Addressing the effects of overtopping vegetation on the performance of highway noise barriers

Clair W. Wakefield


The effects of sound scattering by overtopping vegetation on the performance of highway noise barrier performance and the ways in which they might be addressed, either physically or administratively, was studied. The study also explored the interaction between pavement design and vegetation scattering effects. The scattering effects of scale model broad trees, placed to one side of, and then directly above a noise barrier, were also measured in a 1:20 scale model facility using an electric spark discharge as the sound source. The noise spectrum measured beside Highway 19 in Nanaimo, B.C. was used, which featured standard asphalt pavement and carried roughly 2,500 vehicles per hour at an average speed of vehicle of 75 kmph. The results showed that the traffic noise generated with OGA pavement contains less energy at middle and high frequencies, and these model results have been used to estimate the potential effects of overtopping vegetation on highway noise barriers.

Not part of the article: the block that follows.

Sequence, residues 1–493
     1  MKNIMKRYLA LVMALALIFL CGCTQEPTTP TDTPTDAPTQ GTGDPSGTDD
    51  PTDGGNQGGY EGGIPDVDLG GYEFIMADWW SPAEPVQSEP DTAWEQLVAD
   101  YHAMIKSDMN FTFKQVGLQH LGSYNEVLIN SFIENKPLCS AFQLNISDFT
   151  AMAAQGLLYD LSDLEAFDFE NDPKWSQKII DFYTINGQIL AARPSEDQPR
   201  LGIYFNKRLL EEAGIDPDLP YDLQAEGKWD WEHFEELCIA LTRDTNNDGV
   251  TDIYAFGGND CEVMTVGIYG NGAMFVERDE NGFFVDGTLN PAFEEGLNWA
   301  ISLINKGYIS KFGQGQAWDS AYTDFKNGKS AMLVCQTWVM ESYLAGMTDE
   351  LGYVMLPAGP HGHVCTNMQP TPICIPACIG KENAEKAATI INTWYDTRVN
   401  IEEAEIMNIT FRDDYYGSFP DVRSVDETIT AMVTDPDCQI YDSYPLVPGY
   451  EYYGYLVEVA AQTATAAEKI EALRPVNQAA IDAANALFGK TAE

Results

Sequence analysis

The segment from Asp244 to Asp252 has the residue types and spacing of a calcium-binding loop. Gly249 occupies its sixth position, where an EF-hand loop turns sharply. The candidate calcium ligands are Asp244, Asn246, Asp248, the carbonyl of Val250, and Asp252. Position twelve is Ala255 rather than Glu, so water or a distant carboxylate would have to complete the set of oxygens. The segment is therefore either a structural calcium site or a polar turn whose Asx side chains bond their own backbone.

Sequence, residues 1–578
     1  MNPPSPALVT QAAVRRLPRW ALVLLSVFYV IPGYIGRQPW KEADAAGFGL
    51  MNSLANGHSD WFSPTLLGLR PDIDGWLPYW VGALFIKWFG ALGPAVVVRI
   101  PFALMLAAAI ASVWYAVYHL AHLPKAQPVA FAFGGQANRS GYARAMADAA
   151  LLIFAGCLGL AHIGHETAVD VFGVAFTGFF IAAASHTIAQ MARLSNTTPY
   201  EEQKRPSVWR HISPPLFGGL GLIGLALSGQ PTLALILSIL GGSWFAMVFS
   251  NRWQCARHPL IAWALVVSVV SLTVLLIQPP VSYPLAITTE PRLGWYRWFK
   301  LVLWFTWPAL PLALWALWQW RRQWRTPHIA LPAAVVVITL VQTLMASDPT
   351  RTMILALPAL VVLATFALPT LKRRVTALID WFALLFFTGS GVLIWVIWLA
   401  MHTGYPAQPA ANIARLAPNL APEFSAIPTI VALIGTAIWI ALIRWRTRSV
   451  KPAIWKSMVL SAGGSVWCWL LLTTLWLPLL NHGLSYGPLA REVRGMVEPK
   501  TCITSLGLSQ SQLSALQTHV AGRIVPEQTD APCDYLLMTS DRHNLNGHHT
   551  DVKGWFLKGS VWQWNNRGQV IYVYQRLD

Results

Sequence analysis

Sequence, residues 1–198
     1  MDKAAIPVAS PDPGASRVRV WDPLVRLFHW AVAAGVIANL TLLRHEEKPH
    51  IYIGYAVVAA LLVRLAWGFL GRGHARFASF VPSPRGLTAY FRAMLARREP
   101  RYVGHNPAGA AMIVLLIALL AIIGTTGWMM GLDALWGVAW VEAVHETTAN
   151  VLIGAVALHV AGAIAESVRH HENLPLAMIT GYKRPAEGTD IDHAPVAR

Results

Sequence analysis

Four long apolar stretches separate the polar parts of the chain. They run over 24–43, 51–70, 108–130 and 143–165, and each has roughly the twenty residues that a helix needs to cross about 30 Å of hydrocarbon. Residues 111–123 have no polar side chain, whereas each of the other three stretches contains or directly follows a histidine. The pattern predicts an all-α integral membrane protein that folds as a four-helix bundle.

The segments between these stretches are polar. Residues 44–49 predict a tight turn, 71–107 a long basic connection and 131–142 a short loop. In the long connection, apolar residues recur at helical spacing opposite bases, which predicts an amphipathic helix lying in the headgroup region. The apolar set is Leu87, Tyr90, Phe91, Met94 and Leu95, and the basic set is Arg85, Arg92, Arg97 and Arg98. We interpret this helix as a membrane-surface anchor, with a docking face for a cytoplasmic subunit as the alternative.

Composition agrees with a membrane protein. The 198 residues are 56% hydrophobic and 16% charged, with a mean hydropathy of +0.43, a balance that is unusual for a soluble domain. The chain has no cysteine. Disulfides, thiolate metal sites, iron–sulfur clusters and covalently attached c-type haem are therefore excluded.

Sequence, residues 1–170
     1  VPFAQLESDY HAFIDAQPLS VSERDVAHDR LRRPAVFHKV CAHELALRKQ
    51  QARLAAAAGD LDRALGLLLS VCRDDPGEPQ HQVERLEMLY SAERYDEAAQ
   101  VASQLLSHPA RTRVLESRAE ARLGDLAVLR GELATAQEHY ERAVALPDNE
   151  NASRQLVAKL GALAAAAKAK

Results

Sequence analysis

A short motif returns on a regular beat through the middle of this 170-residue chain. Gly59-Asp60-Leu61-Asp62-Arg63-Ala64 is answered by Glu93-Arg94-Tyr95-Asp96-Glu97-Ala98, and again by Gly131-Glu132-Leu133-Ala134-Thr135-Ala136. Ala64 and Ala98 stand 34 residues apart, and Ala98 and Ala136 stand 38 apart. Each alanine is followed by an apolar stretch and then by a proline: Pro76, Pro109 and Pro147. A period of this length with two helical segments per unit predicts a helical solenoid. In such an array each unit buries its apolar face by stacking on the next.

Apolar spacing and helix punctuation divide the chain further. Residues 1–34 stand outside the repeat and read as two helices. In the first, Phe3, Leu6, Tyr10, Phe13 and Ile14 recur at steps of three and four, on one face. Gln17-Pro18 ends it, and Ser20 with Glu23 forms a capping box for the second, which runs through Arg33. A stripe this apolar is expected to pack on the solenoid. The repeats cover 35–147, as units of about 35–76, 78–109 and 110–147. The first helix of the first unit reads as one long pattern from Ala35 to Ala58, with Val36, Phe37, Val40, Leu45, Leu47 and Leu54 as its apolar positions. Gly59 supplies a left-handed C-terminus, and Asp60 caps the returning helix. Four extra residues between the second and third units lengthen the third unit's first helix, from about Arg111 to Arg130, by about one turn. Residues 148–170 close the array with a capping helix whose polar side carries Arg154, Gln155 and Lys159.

Acoustic noise measurement; Electric discharges; Electric sparks; Highway systems; Noise pollution; Pavements; Roads and streets; Scattering; Vegetation; Average speed; High frequencies; Highway noise; Model results; Noise barriers; Noise spectrum; Pavement designs; Potential effects; Scale models; Scattering effects; Sound scatterings; Sound sources; Spark discharges; Traffic noise; Vegetation scatterings

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